‘Mac, have you read Boswell’s Life of Johnson?’
‘Extracts,’ he admitted awkwardly.
‘Bunyan’s Life and Death of Mr. Badman?’
‘Er – no.’
Swift’s Tale of a Tub?’
‘Would you like to read them?’ I asked.
‘I don’t think they would interest me,’ he admitted.
‘Then in heaven’s name, why expect children to have any interest in them? If these classics weren’t shoved down children’s throats the adult population of this country would be sitting of an evening reading and enjoying Milton instead of John Bull.’
This post pays homage to Steven Kerr for his article titled “On the folly of rewarding A, while hoping for B” [reprinted in Academy of Management Executive, 1995 Vol. 9 No. I] and available online via a search for “On the Folly”.
Kerr write eloquently bout the amazing number of examples where the types of behaviour being rewarded by those in authority are exactly those which the authorities would clearly wish to discourage.
Re-reading a 1993 book on the causes of IBM’s fall from power [Paul Carroll, Big Blues – the unmaking of IBM] I found a perfect example of such behaviour.
At that time IBM researchers were rewarded as follows “work deemed good enough to have a patent application filed received three points. “Work deemed good enough to be published warranted one point. work that couldn’t be published merited no points.” [p341]
Then the Chairman announced IBM would be using a ‘bell curve’ to reward employees. At IBM getting a patent filed mean far more effort and riskiness of success, that doing work sufficient to merit an article. Carroll charts the way in which this ‘reward’ system led to IBM losing some vital patents and reducing effort on patent oriented activity.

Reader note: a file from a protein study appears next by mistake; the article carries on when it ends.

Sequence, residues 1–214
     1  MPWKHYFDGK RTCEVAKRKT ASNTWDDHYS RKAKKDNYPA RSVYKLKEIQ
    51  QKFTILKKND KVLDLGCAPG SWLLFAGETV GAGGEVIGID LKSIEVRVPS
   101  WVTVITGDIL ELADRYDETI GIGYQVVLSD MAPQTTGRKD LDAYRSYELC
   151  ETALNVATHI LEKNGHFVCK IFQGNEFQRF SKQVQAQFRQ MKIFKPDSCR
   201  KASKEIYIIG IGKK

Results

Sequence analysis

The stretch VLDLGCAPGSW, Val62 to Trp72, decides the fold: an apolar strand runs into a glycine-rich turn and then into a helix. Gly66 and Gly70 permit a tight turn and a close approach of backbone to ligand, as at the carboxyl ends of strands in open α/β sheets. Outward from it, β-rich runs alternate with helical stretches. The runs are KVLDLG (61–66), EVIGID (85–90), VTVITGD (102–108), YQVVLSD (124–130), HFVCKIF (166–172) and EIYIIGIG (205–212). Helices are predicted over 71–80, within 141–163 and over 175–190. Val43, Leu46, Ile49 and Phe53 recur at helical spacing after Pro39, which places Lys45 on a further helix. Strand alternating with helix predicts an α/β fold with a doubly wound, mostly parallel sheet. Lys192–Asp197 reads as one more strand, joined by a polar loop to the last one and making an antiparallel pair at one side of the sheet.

“It was much easier to be moderately clever thee times and publish three papers [6 points] than it was to be really innovative once and get a patent [3 points].” p342
While IBM survived this period of turmoil, this example of rewarding behaviour you least want to encourage continues as one where [apparently] really smart people were unable to see the consequences of their decisions.
One of the great strengths of simulations and games is their capacity to create contexts that are ‘safe and sufficiently insulated from the real’ to allow participants [intentionally or otherwise] to make exactly the kinds of mistakes applied by IBM to their researchers and then examine the impact of such actions in a timely and reflective manner.
The outcomes of such analysis have the potential to enable participants to capture the best and worst results of their actions, and prepare themselves to be more capable of seeing into the future beyond the kind of ‘knee jerk’ reactions to crises as applied at IBM [and many other businesses in crisis].
One of the great strengths of simulations is their ability to create ‘possible futures’ – they do not ‘predict’ with great certainty – for exploration and analysis. They enable participants to consider both actions/decisions and consequences/outcomes within the one timeframe.
They can help improve decision making and the quality of long terms actions.
However as Paul Van Ripper found – if they are used badly – they can be worse than counter productive – http://en.wikipedia.org/wiki/Millennium_Challenge_2002
As with all forms of educational technology/tools/ processes games and simulations are only as strong and effective as the quality of their best users. And such quality is gained from practice, experience, research and analysis and having fun in the process of learning.
So – when you are running or taking part in a simulation – have fun! enjoy the process! watch what you do! and learn from everything that happens.
Three things I tell my students in courses where they are learning about ‘how to’ use and design simulations and games –